When people hear about white collar crimes, they think of crimes committed by wealthy people who are hoping to unlawfully line their pockets. Most people think about embezzlement and tax evasion, but there are many different types of white collar crimes.
So, what are some common white collar crimes? They include:
Fraud. Fraud is a general term describing a crime by which a person schemes to unlawfully obtain something of value from his or her victim who may be a person, company or the like. Many white collar crimes involve a fraudulent scheme of one kind or another.
Securities fraud is one common white collar crime. Insider trading, where someone who obtains confidential information and uses that information to purchase or sell a stock or bond for a profit, is considered security fraud. Another example of security fraud involves enticing investments from victims based on false representations about the potential gains such an investment will bring about. Fraudulent schemes involving mortgages, health care and welfare are other examples of white collar crimes.
Embezzlement. While most people think embezzlement when an employee is charged with taking money from his or her employer, there are many forms of embezzlement. In fact, the types of embezzlement schemes investigated and prosecuted are as varied as the creativity of the perpetrators of such crimes.
Tax Evasion. Tax evasion involves preparing and filing a tax return that contains false information regarding a taxpayers amount of income or other material false information as well as failing to declare a portion of one’s income. A conviction for tax evasion may result in not only imprisonment but also enormous fines penalties and interest based on the amount of the unpaid taxes.
Blackmail. Blackmailing schemes involve demanding something of value or some form of conduct from a victim upon threats to harm that person financially, professionally or personally such as threats to tarnish the victim’s reputation or standing in the community. Blackmail may also be utilized to prevent someone from testifying against or divulging the secrets of the blackmail
Money Laundering. Money laundering statutes criminalize the act of converting unlawfully gained funds, such as proceeds of selling illegal drugs, into “legal funds.” These statutes also prohibit using illegally obtained proceeds, so-called “dirty money, ” to purchase goods or services of any kind. For example, a drug dealer who buys an expensive vehicle with money derived from such illegal conduct commits money laundering.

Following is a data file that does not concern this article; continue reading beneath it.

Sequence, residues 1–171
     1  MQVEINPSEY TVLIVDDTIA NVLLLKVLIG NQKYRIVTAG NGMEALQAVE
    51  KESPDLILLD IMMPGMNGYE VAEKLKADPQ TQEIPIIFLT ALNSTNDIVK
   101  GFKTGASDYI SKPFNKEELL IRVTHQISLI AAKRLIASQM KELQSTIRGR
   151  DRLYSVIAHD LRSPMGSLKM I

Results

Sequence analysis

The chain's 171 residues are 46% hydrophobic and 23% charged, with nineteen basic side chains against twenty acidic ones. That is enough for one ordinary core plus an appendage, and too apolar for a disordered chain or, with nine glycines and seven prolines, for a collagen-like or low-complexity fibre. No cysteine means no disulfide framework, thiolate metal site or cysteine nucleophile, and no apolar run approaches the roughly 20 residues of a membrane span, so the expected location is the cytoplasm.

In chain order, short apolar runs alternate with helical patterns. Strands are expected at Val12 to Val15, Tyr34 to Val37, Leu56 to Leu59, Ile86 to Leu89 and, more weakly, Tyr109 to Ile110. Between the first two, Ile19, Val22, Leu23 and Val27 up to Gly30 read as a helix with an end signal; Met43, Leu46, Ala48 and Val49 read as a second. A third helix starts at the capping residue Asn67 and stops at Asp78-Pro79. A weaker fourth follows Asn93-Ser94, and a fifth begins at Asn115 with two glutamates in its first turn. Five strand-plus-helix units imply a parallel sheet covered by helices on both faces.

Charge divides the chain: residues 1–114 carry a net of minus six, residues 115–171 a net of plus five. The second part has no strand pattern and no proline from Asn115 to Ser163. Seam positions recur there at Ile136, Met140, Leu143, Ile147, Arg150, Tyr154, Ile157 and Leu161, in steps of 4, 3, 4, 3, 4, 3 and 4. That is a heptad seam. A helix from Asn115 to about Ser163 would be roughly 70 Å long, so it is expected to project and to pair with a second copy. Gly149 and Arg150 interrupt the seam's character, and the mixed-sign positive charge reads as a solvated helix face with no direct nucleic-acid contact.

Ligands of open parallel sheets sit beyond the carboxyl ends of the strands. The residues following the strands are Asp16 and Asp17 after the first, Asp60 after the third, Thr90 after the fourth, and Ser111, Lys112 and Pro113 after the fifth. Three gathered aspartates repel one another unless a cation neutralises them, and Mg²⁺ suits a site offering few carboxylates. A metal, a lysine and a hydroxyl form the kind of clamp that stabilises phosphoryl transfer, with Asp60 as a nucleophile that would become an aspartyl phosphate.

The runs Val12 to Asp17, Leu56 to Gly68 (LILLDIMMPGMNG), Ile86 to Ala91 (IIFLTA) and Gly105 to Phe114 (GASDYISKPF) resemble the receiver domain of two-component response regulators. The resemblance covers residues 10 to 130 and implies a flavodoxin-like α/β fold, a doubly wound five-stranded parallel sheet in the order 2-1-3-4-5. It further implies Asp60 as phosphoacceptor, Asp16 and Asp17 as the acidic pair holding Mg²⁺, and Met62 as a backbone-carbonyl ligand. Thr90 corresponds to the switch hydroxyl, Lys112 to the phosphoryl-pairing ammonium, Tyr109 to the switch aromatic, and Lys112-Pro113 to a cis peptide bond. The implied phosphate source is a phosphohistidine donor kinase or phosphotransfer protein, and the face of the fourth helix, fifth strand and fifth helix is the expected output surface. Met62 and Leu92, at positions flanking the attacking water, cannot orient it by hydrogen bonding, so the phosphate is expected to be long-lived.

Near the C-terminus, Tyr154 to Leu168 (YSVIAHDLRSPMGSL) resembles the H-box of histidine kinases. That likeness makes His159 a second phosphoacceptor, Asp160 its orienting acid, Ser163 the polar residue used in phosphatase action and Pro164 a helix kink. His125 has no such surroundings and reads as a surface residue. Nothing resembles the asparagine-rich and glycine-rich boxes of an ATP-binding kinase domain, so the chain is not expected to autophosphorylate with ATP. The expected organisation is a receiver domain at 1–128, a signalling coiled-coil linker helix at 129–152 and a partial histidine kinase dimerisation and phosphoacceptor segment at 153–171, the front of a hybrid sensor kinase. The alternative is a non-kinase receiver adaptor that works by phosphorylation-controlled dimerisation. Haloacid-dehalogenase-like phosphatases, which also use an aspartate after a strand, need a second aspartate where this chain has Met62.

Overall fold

Counterfeiting. Counterfeiters copy something or imitate something without authorization which they then represent as authentic. While most people associate counterfeiting with money, it also prevalent in the fashion, music and similar industries.
Forgery. Forgery crimes vary from simply copying the signature of another to preparing completely false documents or works of art the forger represents as an original. A common form of forgery involves forging checks or other financial instruments ultimately used in financial transactions of all sorts.
Bribery. Offering or paying something of value (usually money, goods, or services) to another in order to compel them to take action on one’s behalf may result in a charge of bribery. The most notorious bribery schemes involve public officials or other persons in positions of power. You may be accused of bribery whether you are the payer or recipient of a bribe.
In the past persons convicted of white collar crimes were penalized less harshly that those convicted of “street crimes” or drug dealing. More recently, however, courts have imposed very significant punishment on individuals convicted of white collar crime. As a result, it is more important than ever to consult with an experienced white collar criminal defense lawyer like Richard S. Berne if you are under investigation for or charged with a white collar crime.
Contact us for all of your legal needs. We would be glad to help you through this difficult time.